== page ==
Starting in the 1960’s with the arrival of London fashion model Twiggy, models and brands have pushed an unrealistic “ideal look” on women and young girls.

But the concept of an “ideal look” is slowly starting to shift- and it’s about time!

 

Today’s young women are becoming more aware of the magic of Photoshop and the lack of diversity in the fashion world. Outspoken models and brands are taking a stand against Photoshop, traditional beauty “ideals” and the often times overwhelming pressure to be thin.

Here are some brands and models making major waves in fashion.

 

Aerie by American Eagle:

In 2014 the brand vowed to stop Photoshopping their models in a marketing campaign #AerieREAL and the move has really been paying off. According to Business Insider sales have grown by 32% since making the shift. “We just knew that it would really resonate with this generation,” Aerie’s president told Business Insider, “why would we even be airbrushing these models? They’re beautiful as is.”

fashion brand Aerie by American Eagle

Adore Me:

The company was founded in 2011 and made a statement that it’s out to “Slay Victoria’s Secret.” Iskra Lawrence, a model who was fired from her first modeling gig for having hips that were “too big” modeled for #AerieREAL and has now joined the Adore Me team. Lawrence has a huge social media following of 3.2 million people and promotes #everyBODYisbeautiful. Adore Me sales went from $1.1 million in 2012 to $16.2 million in 2014 making the company a serious competitor to Victoria’s Secret, a company that’s struggling to let go of their overly sexualized and traditionally thin models.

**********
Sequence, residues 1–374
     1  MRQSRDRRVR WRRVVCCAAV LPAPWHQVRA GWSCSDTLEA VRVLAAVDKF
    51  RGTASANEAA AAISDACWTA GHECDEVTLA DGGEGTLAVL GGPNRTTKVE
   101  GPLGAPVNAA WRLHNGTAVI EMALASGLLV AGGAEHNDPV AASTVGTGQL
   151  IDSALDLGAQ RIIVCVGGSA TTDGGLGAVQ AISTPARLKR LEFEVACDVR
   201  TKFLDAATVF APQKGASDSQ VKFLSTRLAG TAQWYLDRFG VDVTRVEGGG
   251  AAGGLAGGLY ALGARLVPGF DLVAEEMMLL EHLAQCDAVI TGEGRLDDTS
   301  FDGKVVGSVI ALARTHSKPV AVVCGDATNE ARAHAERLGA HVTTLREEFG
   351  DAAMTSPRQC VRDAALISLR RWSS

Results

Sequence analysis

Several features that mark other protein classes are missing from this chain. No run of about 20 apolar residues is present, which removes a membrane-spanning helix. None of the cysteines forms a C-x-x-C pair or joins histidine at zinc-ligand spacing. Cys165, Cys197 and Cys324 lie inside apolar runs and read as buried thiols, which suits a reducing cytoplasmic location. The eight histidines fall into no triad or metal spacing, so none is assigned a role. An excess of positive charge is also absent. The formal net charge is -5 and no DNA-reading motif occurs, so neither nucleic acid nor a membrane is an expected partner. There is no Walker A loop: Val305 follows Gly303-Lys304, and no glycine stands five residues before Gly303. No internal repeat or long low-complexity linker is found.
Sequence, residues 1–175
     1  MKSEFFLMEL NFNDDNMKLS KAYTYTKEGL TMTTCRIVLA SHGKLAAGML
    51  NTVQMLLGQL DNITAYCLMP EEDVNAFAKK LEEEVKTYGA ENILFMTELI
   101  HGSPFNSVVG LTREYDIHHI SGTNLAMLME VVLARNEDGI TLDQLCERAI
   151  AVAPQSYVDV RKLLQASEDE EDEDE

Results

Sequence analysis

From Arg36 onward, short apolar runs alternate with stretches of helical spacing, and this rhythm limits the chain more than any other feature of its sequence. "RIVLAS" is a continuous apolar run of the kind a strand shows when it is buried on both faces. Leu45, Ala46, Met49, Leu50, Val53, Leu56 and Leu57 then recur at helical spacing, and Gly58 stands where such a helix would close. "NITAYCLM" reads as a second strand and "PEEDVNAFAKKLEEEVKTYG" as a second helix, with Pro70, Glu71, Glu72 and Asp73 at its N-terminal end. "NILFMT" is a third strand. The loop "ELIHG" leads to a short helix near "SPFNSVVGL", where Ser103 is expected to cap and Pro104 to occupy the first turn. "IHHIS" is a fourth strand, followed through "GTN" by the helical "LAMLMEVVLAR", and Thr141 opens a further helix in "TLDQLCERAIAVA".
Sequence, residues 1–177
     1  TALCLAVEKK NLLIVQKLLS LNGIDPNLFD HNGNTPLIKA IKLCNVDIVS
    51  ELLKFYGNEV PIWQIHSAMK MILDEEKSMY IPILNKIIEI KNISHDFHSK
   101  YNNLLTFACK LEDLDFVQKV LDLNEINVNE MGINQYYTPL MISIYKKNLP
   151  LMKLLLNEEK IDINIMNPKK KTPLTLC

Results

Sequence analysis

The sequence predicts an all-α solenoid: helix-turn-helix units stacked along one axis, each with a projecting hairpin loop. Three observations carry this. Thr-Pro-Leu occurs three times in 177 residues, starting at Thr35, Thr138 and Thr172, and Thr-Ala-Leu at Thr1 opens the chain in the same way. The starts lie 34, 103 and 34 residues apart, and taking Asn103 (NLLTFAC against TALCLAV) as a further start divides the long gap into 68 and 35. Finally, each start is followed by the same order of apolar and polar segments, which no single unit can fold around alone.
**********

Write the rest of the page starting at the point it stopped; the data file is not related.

Fashion model and body activist Iskra Lawrence

 

Ashley Graham:

In 2016, the curvaceous model, body activist, and now entrepreneur launched a “plus-size” swimsuit line in collaboration with swimsuitsforall.com. The website uses #swimsexy to promote, “The Golden Standard: Confident curves. Rock your bikini body at any age or size.” Graham also became the first “plus-size” model to be featured on the cover of Sports Illustrated swimsuit edition in 2016. Because Sports Illustrated is mostly targeted toward a male audience her cover photo showed men just how sexy curves could be.

Plus-size fashion model and body activist Ashley Graham

 

Madeline Stuart:

Madeline is a strong, empowering and beautiful 20-year old taking on the stereotypes of Down Syndrome. Despite challenges and discrimination growing up Maddy decided she wanted to be a super model- and she did it. In 2015 she was awarded Model of the Year at Melange in San Francisco. This year at New York Fashion Week she launched her own clothing line, 21 Reasons Why by Madeline Stuart. Maddy is credited with changing perceptions about people with Down Syndrome and has given new hope to those effected everywhere.

Madeline Stuart launches her new fashion brand at NY Fashion Week 2017

Winnie Harlow:

Winnie was born with the rare skin disease vitiligo, which causes the loss of skin color in blotches. Growing up she faced a lot of bullying and name-calling and admits that she contemplated suicide at several points during her life. Since being discovered on America’s Next Top Model, Winnie has become a successful model and activist, proving that beauty goes deeper than skin color (or colors).

Fashion model and activist Winnie Harlow

 

What Can We Learn From These Brands and Models?

There is no single form of beauty. We are all different shapes, colors, and sizes. Loving oneself and embracing what makes us different is the ultimate form of beauty.

The fashion world is changing, slowly. Through embracing diversity and rejecting unrealistic beauty standards we can help create even faster change.

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